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I suspect that it's tough to know what the point was most cars. Although there are certain elements to "good car design," trying to infer whether something like a strut bar is "perfect engineering" or "decorative" or some spot in between is borderline impossible without some really advanced tools. I mean, you know GM is a penny-pincher, but I'll bet if they thought the Camaro would sell better with "strut bar look" they'd throw one on without hesitation, regardless of functionality.

I think with the NG900 Saab was trying to make the best of a bad hand and they knew couldn't deliver their experience without a bar... The NG900 was an old budget platform going up against ground-up designs like the 3er and C-class. I'd think that a) if Saab put it there it's 100% critical, and b) once it was decided it had to be there, it was designed to hit the point of diminishing returns (but no further). I'd think "more strut bar" is pushing you past the 80/20 rule, and you'd have to be in a very specific situation to take advantage.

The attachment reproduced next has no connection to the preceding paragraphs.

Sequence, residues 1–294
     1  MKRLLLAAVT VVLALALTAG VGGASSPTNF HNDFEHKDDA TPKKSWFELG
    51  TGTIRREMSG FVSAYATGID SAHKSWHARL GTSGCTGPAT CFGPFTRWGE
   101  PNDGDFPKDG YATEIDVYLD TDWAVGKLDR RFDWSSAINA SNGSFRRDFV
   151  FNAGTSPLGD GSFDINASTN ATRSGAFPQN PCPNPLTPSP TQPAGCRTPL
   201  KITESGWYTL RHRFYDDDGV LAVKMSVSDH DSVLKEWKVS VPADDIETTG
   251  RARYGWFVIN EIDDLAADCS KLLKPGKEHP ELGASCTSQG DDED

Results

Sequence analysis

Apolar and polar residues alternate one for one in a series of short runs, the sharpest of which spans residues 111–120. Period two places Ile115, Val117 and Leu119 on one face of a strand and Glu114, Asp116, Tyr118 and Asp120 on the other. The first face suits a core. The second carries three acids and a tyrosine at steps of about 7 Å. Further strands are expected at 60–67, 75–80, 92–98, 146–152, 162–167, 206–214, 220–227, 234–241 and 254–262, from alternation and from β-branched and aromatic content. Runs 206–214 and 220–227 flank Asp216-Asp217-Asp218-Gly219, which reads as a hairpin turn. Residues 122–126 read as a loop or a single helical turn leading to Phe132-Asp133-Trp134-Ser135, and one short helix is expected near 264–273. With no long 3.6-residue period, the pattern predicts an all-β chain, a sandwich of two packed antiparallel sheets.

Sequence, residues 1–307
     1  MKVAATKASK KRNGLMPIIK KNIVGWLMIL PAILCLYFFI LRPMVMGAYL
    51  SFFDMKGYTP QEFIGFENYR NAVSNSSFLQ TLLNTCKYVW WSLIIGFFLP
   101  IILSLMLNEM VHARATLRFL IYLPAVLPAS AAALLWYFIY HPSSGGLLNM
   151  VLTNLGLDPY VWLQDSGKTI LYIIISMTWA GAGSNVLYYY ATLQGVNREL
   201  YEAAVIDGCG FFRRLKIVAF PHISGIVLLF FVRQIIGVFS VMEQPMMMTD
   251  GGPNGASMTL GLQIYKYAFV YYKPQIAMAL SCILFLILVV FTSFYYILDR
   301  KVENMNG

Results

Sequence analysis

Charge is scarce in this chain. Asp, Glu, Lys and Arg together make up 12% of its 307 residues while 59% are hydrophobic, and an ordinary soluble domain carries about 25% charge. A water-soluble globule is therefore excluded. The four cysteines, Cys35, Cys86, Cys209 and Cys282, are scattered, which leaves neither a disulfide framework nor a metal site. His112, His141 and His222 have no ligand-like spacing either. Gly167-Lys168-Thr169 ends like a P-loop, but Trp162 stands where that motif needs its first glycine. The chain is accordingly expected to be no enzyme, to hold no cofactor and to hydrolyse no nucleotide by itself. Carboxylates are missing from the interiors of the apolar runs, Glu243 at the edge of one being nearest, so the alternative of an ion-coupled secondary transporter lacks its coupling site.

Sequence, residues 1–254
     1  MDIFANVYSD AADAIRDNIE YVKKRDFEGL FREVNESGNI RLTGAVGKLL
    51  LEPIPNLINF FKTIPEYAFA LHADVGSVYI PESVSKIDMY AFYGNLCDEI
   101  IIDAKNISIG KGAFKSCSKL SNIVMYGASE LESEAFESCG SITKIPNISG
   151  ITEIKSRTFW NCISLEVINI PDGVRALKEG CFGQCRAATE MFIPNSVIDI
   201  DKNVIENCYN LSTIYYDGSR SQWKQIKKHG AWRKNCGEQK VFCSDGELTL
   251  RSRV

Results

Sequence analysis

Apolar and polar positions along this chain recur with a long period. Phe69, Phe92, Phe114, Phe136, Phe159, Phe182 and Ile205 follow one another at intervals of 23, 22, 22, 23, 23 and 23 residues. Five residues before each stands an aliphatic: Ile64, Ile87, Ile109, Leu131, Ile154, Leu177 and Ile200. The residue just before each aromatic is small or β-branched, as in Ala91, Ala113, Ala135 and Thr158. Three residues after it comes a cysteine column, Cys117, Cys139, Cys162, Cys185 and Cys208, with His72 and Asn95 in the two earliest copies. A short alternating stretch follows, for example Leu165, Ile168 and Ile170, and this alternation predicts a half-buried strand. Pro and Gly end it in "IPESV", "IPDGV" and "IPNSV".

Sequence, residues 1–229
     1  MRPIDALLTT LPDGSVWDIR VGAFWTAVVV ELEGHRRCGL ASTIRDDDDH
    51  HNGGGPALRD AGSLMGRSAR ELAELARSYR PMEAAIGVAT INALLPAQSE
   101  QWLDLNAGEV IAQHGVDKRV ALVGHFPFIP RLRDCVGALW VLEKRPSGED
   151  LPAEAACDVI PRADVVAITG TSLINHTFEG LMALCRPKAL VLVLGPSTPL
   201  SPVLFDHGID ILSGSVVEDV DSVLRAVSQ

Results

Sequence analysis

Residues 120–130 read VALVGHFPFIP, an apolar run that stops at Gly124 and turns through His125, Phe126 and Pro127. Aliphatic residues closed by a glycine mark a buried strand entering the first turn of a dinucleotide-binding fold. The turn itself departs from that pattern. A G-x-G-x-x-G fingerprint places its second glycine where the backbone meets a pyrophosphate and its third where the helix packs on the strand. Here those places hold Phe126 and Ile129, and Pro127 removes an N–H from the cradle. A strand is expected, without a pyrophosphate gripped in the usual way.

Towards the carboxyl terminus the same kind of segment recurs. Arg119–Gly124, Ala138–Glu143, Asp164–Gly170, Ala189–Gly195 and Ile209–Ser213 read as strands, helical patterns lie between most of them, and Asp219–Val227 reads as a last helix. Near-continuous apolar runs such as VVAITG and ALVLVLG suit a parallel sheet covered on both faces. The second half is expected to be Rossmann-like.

Personally if I had one, I'd probably put it on. But I wouldn't spend a dime to add one. It'd be among the last things I'd consider purchasing, if I'd ever purchase one at all.
 

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read what I wrote. please. thank you

" Look at the E BMW or Gen 6 Camaro with strut towers a lonely pylon sitting in space and you will find factory strut bars"
"SAAB engineering ) have the strut towers close to , and welded into the firewall structure."
 

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I don't have my NG900 in front of me, but I don't think that the strut towers on the NG900 and OG9-3 were close to, or welded to, the firewall. That may be true of the 9-3SS and the 9-5, but I don't think that's true of the NG900 and OG9-3.